Google to open ‘Google Docks’ in Dublin

Google Docks building
The Montevetro/Google Docks building

Google is preparing to significantly expand its operations in Dublin as it opens its new office buildings according to a report in the Sunday Times.

The Times says that Google, which already employs over 2,000 people in its Dublin offices, will hire another 1,000 as it moves into the recently purchased Montevetro building.

Google Docks building
The Montevetro/Google Docks building

Google purchased the building, which sits on Dublin’s Grand Canal Dock, in February last year for a reported €99 million from NAMA, the Irish Government’s toxic bank. Google has been refurbishing and redeveloping the docklands’ site before staff move in.

The Times also revealed that Google’s playfulness will see The Montevetro, Ireland’s tallest commercial building, renamed to ‘Google Docks’.

After Google finishes redeveloping The Montevetro/Google Docks building the Times says further refurbishment of its other Dublin offices will take place.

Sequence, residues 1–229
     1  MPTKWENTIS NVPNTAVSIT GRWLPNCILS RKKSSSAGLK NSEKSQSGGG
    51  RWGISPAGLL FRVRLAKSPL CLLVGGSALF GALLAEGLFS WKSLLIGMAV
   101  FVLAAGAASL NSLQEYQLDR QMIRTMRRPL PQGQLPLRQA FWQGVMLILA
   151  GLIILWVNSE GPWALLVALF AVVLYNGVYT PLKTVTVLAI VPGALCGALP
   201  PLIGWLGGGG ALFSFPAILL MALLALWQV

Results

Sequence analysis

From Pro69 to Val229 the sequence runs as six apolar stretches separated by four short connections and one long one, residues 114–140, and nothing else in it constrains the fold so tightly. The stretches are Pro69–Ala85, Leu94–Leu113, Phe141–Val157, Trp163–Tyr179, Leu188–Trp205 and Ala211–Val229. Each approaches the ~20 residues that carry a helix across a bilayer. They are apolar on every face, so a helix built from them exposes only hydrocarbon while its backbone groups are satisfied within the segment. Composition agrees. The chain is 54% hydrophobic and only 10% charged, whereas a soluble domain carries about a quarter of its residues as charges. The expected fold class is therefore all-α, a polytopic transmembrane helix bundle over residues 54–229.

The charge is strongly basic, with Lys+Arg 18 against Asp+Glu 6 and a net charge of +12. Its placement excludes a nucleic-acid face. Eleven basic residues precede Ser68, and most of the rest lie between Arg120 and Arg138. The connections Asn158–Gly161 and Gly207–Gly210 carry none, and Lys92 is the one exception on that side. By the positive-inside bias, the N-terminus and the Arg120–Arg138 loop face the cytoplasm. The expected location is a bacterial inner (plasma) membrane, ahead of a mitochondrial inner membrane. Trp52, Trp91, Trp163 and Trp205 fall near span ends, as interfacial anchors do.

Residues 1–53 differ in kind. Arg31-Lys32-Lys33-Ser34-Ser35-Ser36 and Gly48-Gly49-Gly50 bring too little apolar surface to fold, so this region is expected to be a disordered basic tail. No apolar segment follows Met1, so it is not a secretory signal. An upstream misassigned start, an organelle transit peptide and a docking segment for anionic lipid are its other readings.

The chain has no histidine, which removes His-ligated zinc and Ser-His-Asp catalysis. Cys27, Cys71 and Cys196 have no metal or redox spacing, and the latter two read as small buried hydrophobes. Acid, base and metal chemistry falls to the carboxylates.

The Montevetro under construction

Last year Google outright purchased its current Dublin offices, Gordon House and Gasworks House, for about €100 million.  Google had been renting the buildings.

With a swimming pool, gym, and climbing wall it looks like Google Docks will be as unconventional as many of its other international offices.  Google Docks’ reception currently houses a giant chess set above with cut-out clouds and the word Google hanging from the ceiling.

Google Docks Building

Dublin has become the home for many large internet companies and is now the European, Middle East, Africa headquarters for Google and Facebook.  This is the second time in a week that it has been reported that a major international company is expected to expand in Dublin; Facebook is also looking to expand its office space in Dublin and is rumoured to be looking at the Bank of Ireland’s headquarters on Baggot Street.


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Piers Dillon Scott
Piers Dillon-Scott is co-editor of The Sociable and writes about stuff he finds. He likes technology, media, and using the Oxford comma (because it just makes sense).